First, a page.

Modeling the Effects of Advanced Driver Assistance Systems on Driver Behavior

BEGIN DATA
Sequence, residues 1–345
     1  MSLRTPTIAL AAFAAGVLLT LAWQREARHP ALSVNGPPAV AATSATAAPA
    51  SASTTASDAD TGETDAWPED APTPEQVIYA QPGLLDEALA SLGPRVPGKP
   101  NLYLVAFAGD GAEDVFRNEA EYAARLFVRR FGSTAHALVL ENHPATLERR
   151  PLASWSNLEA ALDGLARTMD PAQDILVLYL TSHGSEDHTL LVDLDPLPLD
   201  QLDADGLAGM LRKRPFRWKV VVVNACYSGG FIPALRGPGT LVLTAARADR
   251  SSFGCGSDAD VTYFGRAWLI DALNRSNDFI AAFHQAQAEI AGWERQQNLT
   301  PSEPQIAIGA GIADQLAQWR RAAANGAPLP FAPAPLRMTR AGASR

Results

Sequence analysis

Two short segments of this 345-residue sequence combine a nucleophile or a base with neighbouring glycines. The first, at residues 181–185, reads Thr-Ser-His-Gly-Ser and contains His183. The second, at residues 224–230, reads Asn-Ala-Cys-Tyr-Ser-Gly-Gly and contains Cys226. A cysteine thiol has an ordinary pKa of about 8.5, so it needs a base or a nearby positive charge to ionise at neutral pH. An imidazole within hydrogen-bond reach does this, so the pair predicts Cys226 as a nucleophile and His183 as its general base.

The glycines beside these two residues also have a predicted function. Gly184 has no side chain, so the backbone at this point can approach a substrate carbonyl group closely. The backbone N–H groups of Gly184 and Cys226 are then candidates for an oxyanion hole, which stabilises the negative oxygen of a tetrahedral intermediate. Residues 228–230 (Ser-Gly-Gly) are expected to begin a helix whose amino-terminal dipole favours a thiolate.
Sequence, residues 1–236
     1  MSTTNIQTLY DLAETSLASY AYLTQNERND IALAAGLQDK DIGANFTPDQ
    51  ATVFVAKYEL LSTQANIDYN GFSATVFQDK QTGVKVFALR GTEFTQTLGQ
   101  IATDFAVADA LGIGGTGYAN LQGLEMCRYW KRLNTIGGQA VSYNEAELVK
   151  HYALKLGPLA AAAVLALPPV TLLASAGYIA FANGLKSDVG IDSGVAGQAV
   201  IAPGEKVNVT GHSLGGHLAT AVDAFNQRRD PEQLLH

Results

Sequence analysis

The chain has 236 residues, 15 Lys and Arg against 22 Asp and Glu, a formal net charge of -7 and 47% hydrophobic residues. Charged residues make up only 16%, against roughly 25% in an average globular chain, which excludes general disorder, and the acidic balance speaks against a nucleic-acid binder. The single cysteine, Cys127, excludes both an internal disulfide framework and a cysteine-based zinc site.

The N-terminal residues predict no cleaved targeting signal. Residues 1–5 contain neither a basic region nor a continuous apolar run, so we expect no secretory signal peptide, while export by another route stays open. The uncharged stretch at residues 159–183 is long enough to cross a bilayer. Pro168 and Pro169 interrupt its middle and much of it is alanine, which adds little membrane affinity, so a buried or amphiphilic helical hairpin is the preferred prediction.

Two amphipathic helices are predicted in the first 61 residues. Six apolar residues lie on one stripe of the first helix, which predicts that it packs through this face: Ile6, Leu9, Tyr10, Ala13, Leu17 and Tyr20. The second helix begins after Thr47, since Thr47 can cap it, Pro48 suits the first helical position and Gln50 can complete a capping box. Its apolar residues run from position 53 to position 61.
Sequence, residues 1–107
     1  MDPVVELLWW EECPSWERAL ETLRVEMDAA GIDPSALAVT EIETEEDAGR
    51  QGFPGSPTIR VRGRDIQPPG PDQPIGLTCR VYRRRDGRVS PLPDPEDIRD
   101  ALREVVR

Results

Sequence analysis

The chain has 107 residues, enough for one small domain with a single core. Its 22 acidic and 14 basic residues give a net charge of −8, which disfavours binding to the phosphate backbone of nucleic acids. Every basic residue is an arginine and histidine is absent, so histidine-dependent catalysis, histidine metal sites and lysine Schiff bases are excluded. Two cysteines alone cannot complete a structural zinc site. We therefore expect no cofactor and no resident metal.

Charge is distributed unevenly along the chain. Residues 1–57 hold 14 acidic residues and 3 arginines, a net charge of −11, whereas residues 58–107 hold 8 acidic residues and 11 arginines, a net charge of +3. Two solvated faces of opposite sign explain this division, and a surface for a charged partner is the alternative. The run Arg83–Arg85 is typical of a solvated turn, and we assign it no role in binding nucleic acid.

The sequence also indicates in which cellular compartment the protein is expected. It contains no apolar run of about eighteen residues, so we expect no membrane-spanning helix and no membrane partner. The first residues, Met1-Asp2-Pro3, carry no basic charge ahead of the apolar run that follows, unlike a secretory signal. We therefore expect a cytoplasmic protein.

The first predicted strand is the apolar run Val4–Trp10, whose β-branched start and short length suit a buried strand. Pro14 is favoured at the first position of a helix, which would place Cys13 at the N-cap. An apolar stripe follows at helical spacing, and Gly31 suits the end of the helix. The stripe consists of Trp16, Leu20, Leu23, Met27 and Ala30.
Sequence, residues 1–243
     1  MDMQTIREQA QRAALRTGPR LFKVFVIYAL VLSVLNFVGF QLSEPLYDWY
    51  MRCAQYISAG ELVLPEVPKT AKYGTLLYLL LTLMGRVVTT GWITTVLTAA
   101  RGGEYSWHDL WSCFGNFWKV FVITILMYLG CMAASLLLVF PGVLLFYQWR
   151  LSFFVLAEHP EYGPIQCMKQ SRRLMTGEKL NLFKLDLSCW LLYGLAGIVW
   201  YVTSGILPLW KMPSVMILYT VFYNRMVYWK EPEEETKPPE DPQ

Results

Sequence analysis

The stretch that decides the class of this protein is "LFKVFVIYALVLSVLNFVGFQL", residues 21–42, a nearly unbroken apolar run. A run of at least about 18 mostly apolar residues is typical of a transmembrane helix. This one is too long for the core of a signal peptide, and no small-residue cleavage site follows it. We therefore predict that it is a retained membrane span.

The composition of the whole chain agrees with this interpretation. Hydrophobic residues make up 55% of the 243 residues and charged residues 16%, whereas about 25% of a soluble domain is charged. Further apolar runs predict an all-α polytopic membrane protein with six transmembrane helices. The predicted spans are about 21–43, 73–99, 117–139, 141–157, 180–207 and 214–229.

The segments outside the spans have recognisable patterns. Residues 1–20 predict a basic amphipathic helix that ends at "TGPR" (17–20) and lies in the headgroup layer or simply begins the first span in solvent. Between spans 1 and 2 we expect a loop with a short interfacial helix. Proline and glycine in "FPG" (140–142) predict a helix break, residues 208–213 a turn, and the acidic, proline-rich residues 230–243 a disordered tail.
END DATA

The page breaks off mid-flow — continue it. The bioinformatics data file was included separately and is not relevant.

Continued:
About 38,000 fatalities are reported every year in the United States and traffic crashes (referred to as crashes) are the leading cause of deaths among people up to 54 years. Additionally, economic loss due to crashes is estimated equal to $380 million, annually, in direct medical bills. Further, new vehicles are added to the roads every year increasing the traffic exposure and vehicle miles traveled. Driver errors are the leading cause of crashes and contribute to about 94% of crashes. Automobile manufacturers are striving to enhance the vehicles to eliminate driver errors, which can help avoid the major chunk of crashes. These enhancements include development of various types of advanced driver assistance systems (ADAS) that are designed to assist or in some cases also take over certain driving maneuvers. They include lane departure warning (LDW), blind spot warning (BSW), over speeding warning (OSW), lane keep assist (LKA), front collision warning (FCW), adaptive cruise control (ACC), and automatic emergency braking (AEB). Each of these features are focused at addressing a particular task of driving, thereby, reducing the driving load on the driver and also enhancing safety.The ADAS are expected to reduce crashes and yet a 14% increase in crashes was observed from the year 2014 to the year 2016. On the other hand, the acceptance levels of ADAS among drivers are questionable. Many surveys determined that the drivers are unaware of the applications and limitations of ADAS. To catalyze the issue, drivers admitted to blindly trusting such features which makes the problem critical. Hence, there is a need to understand how the driver behavior is influenced when driving a vehicle with ADAS compared to when driving a vehicle without ADAS. The National Advanced Driver Simulator (NADS) miniSimTM driver simulator was used to capture driver behavior in this research. Three different driving scenarios namely; urban, rural and freeway scenarios were developed to test on the drivers (participants) with varying weather and lighting conditions. Other variables like the demographic characteristics of the participants were also considered for analyzing and modeling the data. This enabled an extensive analysis of the effects of ADAS on driver behavior while also magnifying the applicability of this research. The research can be categorized into four vital stages. The first stage is to develop appropriate driving scenarios to test the effects of ADAS in all driving conditions experienced in the real-world. The second stage involves the careful selection of participants such that the sample population is an accurate representation of the general population. The third stage involves the data processing and analysis of data to derive meaningful results. The fourth stage involves the identification of changes in driver behavior and applying them to propose any possible changes that could further enhance ADAS. LDW was observed to reduce lane departure events in all the three scenarios (rural, urban, and freeway). OSW reduced the average and maximum speeds making driving less aggressive in rural and urban scenarios only, indicating they were not as effective in the freeway scenario. Similarly, BSW was also observed to affect the brake pedal force and influence aggressive driving. Providing two advanced features at a time also affected brake pedal force indicating they were effective in influencing aggressive driving. Further, none of the warning features were observed to influence the participant following behavior as the average headway difference between with and without ADAS was not found to be statistically significant. Driving behavior improved further when vehicles with automated features like ACC and LKA were provided individually or in combination to the participants. Automated features improved braking, vehicle handling, and lane-following behaviors in all the three driving scenarios. However, more aggressive car-following behavior was observed with the automated features. The variation in driving behavior among participants when provided with automated features reduced drastically. The effects of automated features were influenced by the type of driving scenario. The intervention of ADAS with driving tasks led to safer driving conditions. The driving safety improved with the level of assistance provided to the drivers. While the ADAS is effective in meeting their intended objectives, they seem to inadvertently affect other driving behaviors. The type of driving scenario (rural, urban, or freeway) also influenced the way an advanced feature affects the driver behavior. Braking behavior is predominantly affected by the presence of an advanced feature in most cases, which also influenced vehicle handling events like lane-following, turning, and car-following in some cases. Lighting and weather conditions had similar effects on driver behavior when not provided with any advanced features, when provided with warning features, and when provided with advanced features as well. Longer headways were observed in nighttime conditions and rainy conditions. However, less aggressive lane-following, braking, and vehicle handling behavior was observed. Also, more speeding was observed on freeways in clear weather. Male drivers displayed aggressive driving maneuvers when provided with both warning and automated features. On the other hand, female drivers maintained smaller headways in urban scenario and longer headways in rural and freeway scenario. Similarly, drivers aged under 25 years maintained smaller headways in urban scenario but maintained longer headways in rural and freeway scenarios. Further, drivers aged above 25 years showed more aggressive braking and speeding behavior with both warning and automated features in urban scenario. The type of ADAS provided, the type of driving scenario, the lighting and weather conditions, as well as the age and gender of the participants affected the driver’s behavior. The nature of the effects of ADAS, however, varied by the type of driving scenario. Further, the effects of all these factors varied when segregated by the type of ADAS (warning or automated feature) provided compared to when not provided with any advanced features. The effects of both warning and automated features varied when provided individually and in combination. However, warning features had limited behavioral changes when provided in combination, but automated features displayed evidently different driving behavioral changes in combination and individually. Based on the observations made from this research, it is suggested to accommodate both operational and safety standpoints while developing ADAS. Further, developing adaptive ADAS, formulating educational policies, and developing methods to collect naturalistic driving data are also emphasized. The findings can be used to define vehicle parameters within microscopic simulation software and mimic the effect of vehicles with and without advanced features on transportation system performance. Additional samples can be collected and other advanced features may also be tested and compared using the driver simulator.